SA: … Wahilani’s nephew, Stetson “Mana” Morales, who chained himself by the neck to a gate on Sunday night said that older officers were watching over him and were respectful that night, but then two younger officers took over.
He said one of the younger officers started punching him in the ribs and back. The officer then asked if he wanted to walk to the police cruiser, but he declined and joked that the officer’s punches were soft, Morales said.
That’s when, Morales said, the officer pressed his Taser against his body and used it like a stun gun, giving him a jolt, noting that he still had the chains around his neck.
“It was painful and it hurt, but hearing everybody chanting and singing, it gave me more mana,” said Morales, who turned 19 on Wednesday.
He said it felt “like all your muscles engage and are flexing at the same time. You feel like passing out.”
The police took him to Queen’s Medical Center West, where he said he spoke to a doctor. “I just wanted to get bailed out, so I refused a checkup,” Morales said. He added that he has a condition that prevents his body from producing adrenaline.
Michelle Yu, spokeswoman for the Honolulu Police Department, said she was unaware of any incident involving a Taser….
The latest arrests brought to 111 the total number of arrests since the protests started Oct. 17.
At about 3 a.m., with police cordoning off the driveway, the four trucks with turbine tower sections made their way up to the project site where they are being assembled….
SA: Kahuku turbine deliveries go smoothly as arrests ebb
read … Teen who chained himself to gate says police used Taser on him at Kalaeloa protest
Businesses along busy urban corridor prepare for a hit as rail construction moves east
HNN: … Crews have been relocating utilities along Dillingham Boulevard from Middle Street to Kaaahi Street since July 2018….
Instead of relocating utilities and taking a break before building the guideway, which would have taken four years, HART believes it can complete a substantial amount of the work in less than two years by having crews work during the day and at night.
The increased activity all along Dillingham Boulevard is expected to start shortly after New Year's Day, once HART revises its Traffic Management Plan and gets the required permits….
HART will provide a community update about the relocation work on Oct. 24 at 6 p.m. at Kapalama Elementary School….
SA: Rail construction on Dillingham delayed
read … Businesses along busy urban corridor prepare for a hit as rail construction moves east
P3 Is Yet Another Honolulu Rail Disaster
CB: … The Honolulu Authority for Rapid Transportation’s inflated ridership projections of 121,000 daily trips will lead them to make promises of vast revenue for the private operator which will most likely not materialize, leaving the private partner short-changed, and coming back at the city for added compensation, as has happened elsewhere, described below.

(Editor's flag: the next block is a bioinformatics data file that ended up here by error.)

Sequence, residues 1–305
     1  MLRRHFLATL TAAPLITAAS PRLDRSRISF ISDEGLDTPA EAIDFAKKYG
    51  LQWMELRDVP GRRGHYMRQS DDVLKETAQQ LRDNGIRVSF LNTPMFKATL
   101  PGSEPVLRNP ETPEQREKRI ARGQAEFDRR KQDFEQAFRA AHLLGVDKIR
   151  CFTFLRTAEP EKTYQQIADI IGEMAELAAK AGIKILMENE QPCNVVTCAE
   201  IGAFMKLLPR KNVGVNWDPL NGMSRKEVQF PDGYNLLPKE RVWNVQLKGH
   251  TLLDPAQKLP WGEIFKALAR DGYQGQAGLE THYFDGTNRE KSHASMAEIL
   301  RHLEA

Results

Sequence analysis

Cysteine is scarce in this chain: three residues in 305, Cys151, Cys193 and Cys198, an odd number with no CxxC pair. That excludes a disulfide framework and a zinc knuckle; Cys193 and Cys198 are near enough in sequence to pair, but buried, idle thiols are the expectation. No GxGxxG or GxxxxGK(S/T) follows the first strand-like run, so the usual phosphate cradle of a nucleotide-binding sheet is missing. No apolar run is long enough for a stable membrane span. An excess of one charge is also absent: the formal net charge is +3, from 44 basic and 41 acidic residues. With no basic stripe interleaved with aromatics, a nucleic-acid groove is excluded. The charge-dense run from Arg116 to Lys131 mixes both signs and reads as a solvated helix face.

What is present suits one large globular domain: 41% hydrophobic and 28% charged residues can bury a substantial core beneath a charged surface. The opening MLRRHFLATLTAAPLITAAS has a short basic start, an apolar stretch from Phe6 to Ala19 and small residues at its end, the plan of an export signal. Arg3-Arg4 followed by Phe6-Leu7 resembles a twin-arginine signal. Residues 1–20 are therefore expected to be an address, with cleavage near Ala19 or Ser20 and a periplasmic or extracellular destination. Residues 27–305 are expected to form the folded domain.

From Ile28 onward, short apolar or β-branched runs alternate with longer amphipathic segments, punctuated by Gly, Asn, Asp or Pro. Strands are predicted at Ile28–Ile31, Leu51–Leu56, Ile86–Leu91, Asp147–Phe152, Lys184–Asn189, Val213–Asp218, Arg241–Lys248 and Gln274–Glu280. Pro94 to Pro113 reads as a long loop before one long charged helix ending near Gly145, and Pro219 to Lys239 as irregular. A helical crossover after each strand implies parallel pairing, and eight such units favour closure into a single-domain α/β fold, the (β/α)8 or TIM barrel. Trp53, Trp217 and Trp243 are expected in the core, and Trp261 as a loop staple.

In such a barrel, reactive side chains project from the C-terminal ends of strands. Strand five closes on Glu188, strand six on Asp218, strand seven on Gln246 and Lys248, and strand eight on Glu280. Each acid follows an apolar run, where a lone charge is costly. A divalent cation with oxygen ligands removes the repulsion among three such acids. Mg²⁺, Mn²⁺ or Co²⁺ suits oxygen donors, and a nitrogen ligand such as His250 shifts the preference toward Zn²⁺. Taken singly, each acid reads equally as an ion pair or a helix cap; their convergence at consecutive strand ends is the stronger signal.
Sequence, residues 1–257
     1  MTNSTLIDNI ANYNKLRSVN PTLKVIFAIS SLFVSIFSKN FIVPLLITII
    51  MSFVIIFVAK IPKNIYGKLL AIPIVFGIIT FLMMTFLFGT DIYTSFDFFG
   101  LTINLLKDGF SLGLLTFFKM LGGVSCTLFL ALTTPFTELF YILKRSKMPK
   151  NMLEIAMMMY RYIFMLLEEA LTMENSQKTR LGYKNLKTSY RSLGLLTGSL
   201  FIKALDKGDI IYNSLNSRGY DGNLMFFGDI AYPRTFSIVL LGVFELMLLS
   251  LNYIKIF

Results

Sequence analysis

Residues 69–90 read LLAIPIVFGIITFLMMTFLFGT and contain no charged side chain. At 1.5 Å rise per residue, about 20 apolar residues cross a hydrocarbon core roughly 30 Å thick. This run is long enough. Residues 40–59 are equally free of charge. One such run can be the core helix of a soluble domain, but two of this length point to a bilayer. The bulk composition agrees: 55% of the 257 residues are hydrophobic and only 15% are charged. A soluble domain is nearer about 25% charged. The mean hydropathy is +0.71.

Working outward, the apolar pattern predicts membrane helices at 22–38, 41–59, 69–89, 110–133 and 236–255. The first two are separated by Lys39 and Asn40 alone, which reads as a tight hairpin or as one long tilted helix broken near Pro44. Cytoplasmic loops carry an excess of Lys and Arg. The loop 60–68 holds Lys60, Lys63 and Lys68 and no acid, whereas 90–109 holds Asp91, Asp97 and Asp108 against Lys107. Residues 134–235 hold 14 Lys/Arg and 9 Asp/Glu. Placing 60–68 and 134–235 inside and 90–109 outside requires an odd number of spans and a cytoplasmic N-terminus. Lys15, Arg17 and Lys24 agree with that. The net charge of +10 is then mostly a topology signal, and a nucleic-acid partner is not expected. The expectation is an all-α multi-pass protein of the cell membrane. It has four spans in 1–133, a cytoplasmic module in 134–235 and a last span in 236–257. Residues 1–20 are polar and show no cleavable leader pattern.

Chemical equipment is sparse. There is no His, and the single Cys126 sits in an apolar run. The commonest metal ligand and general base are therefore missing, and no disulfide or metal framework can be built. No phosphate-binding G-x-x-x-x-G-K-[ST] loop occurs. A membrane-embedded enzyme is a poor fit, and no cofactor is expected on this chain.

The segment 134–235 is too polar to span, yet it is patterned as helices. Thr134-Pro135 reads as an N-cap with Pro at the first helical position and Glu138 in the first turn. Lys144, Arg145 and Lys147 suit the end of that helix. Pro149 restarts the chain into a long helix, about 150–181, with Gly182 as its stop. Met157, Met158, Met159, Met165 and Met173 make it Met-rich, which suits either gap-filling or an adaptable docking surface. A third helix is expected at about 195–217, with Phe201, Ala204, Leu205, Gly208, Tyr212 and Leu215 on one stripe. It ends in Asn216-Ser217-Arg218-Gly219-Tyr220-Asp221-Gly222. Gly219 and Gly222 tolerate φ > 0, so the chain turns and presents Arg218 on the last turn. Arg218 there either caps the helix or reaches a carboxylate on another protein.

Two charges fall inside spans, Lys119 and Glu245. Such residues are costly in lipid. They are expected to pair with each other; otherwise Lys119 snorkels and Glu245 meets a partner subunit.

Local bus ridership has gone down 20% in the past four years, and national transit ridership has also been decreasing, yet HART projected rail ridership numbers have not been adjusted accordingly….
Overestimation of ridership is a chronic problem with new transit systems, upsetting many P3 contracts, such as Sydney’s rail line from the airport to downtown built by the private Airport Link Co. Ridership was less than projected, forcing the company into receivership and exposing the government to costs of around $600 million, despite a surcharge by that company on top of normal fare. The government made a revised contract costing them another $100 million.
Sydney had a similar problem with a toll tunnel under the city, which has 30,000 daily vehicles instead of the 95,000 estimated, which caused the private operator to raise the tolls, receive an additional $400 million from the government, then go bankrupt….
London had similar problems expanding their metro system utilizing P3, with the private firm going bankrupt and the government stepping in to provide an additional $2.5 billion to complete the works.
The private Las Vegas Monorail Co. went bankrupt in 2010, unable to pay $650 million in loans, then it recovered, but now the company wants an added $150 million to extend the line 1 mile.
Indiana was paid $3.8 billion for a 75-year lease on a toll road by a private firm that was supposed to improve the road then collect all the tolls, but in a few years the firm went bust. Indiana already spent the money on other projects, so the road tolls were doubled.
Orange County, California, leased out a toll road, but due to poor performance spent a decade in court to buy it back for $207 million…..
read … P3 Is Yet Another Honolulu Rail Disaster
Communities Need A Real Voice On Big Projects
CB: … Projects may check all the required boxes and still fall short of addressing community concerns….
In the absence of leadership and meaningful engagement, communities have created their own spaces to demonstrate their discontent and opposition….
The bottom line is that the system is broken. It categorically fails to create a clear and meaningful role for communities, and until the decision-making process can be fixed so that it is both clear for developers and fair to communities, it’s unlikely the conflicts will end any time soon.
So rather than focus on resolving the conflicts around individual projects, we should be creating a better, more efficient, transparent system….
(Yes. It’s called ‘Municipal Government’ and Hawaii is the ONLY state without it. Really Obvious Question: Would an elected Kahuku Mayor and Council have approved the windfarm? Clue: Their Neighborhood Board didn’t.)
read … Communities Need A Real Voice On Big Projects
Maui Enviros think they Can get a Lower Court to Snatch Lahaina Injection Wells Case Away from US Supreme Court, LOL!
CB: … In a legal opinion earlier this month by Deputy Corporation Counsel Peter Hanano, the department argues that the county code requires the council and mayor to both approve the terms in order to accept the settlement before them.
With the (regressive leftist controlled) council and mayor in a stalemate, the case has stayed on track to be heard next month by the Supreme Court.
But clarity could be coming soon to break through this legal logjam. (LOLROTF!)
Anthony Ranken, a Wailuku attorney representing the nonprofit Maui Tomorrow and Rep. Angus McKelvey (happy to pander to his constituents), plans to file a lawsuit Thursday to ask a judge to decide who has the power to settle the case.
He said the complaint will allege that the Corporation Counsel has a conflict of interest and cannot represent the county because the mayor and council are in disagreement. The county’s lawyers are supposed to represent the interests of the county as a whole, he said, not just one branch of government.